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Magnetic Effects of Electric Current, Class 10 Chapter 13 Science Notes

Magnetic Effects of Electric Current, CBSE Class 10 Chapter 13 Science Notes are the best study materials. Here students can find in detail explanations for every terminologies provides in this chapter.

Introduction to Chapter 13 Magnetic Effects of Electric Current

The class 10 science chapter 13 focusses on magnetic fields and electromagnetic effects. How the magnetic effect of electric current is applied to electromagnets and electric motors are examined in the chapter.

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Magnetic Field and Field Lines

Magnet

A magnet is a material that produces a field that attracts or repels other such materials of magnetic nature.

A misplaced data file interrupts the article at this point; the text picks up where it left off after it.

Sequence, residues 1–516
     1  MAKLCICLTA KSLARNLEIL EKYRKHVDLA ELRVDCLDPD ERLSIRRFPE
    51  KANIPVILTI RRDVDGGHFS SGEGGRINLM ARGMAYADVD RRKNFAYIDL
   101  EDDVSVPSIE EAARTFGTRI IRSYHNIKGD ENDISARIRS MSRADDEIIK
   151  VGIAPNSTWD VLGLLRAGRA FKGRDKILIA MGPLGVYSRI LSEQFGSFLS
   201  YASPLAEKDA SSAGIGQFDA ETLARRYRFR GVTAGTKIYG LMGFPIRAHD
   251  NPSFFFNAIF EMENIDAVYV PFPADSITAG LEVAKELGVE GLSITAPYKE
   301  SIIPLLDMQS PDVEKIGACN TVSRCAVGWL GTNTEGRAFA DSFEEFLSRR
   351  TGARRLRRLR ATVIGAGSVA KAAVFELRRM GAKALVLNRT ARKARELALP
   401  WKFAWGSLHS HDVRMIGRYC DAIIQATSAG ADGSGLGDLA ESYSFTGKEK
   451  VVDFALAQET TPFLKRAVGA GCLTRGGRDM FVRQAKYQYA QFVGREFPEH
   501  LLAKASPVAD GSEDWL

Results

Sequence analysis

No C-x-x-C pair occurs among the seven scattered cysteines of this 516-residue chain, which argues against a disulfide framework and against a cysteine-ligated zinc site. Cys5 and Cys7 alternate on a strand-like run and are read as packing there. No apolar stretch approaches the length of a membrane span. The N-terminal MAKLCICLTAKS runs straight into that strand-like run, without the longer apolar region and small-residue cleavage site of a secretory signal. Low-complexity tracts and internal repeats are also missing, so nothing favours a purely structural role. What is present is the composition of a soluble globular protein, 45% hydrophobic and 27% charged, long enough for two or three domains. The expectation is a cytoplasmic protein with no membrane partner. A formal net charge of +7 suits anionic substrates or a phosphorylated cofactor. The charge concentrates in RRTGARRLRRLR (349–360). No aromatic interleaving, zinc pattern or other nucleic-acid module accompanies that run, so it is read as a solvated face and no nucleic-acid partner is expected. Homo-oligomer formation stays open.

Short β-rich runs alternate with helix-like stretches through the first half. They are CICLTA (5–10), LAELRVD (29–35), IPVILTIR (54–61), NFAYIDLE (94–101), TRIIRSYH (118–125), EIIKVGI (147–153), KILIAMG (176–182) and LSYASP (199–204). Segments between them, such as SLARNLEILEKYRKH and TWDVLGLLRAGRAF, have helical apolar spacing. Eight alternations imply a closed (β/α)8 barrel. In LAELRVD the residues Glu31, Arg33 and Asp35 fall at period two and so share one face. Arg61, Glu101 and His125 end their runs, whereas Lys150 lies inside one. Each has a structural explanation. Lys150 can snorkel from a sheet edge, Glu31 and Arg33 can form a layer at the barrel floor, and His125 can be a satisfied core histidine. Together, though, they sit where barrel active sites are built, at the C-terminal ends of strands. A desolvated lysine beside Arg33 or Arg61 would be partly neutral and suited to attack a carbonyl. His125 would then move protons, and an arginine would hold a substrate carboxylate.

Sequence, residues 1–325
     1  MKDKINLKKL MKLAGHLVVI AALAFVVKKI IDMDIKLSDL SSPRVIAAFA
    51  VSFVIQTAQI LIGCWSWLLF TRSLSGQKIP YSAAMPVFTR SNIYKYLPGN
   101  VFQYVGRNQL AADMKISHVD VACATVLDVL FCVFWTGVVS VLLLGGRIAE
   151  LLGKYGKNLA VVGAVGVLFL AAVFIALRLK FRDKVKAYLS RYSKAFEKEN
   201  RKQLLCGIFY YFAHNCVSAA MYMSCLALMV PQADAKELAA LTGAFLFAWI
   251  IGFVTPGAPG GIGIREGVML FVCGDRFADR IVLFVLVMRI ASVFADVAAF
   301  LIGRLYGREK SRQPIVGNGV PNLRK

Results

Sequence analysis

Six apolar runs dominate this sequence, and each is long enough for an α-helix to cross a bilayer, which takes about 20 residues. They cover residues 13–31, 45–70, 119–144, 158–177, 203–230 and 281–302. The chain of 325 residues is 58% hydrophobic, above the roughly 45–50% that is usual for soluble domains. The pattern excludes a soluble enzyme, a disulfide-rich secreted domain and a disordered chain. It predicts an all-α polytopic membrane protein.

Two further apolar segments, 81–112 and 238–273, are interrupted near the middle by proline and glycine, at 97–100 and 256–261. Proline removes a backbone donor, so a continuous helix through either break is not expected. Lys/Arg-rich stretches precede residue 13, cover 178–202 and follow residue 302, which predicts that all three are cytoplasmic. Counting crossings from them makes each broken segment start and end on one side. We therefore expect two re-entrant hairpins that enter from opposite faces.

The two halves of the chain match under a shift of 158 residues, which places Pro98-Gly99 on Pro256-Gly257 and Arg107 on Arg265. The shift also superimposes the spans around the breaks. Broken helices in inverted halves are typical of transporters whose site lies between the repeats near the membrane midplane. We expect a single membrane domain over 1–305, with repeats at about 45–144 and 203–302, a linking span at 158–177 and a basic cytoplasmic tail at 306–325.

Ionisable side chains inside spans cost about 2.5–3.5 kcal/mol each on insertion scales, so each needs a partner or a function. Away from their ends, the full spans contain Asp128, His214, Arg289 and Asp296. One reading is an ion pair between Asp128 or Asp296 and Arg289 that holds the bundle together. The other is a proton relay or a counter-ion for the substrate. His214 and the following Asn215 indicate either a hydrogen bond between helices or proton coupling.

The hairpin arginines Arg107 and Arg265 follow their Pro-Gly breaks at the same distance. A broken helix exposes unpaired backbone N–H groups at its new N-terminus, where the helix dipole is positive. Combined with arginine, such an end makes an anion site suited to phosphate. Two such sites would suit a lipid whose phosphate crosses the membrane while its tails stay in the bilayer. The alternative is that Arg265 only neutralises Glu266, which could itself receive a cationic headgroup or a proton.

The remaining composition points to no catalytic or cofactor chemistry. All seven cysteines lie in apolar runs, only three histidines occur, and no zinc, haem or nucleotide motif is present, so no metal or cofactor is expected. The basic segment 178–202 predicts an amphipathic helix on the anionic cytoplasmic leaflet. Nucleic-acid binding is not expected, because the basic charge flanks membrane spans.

Lodestone is a naturally occurring magnet. It attracts materials like Iron, Nickel, Cobalt, etc.

A magnet is always bipolar with poles named north and south poles. These two poles always exist together and can not be separated. North pole of a magnet is the side which points to Earth’s geographic north when it is freely suspended.

Similar to charges, poles attract and repel. Like poles repel while unlike poles attract each other.

To know more about Magnet, visit here.

Bar magnet

A bar magnet is a rectangular object, composed of iron, steel or any form of a ferromagnetic substance, that shows permanent magnetic properties. It has two different poles, a north and a south pole such that when suspended freely, the north pole aligns itself towards the geographic north pole of the Earth.

Magnetic field

The region around a magnet where its magnetic influence can be experienced is called a magnetic field. The direction and strength of a magnetic field are represented by magnetic lines of force.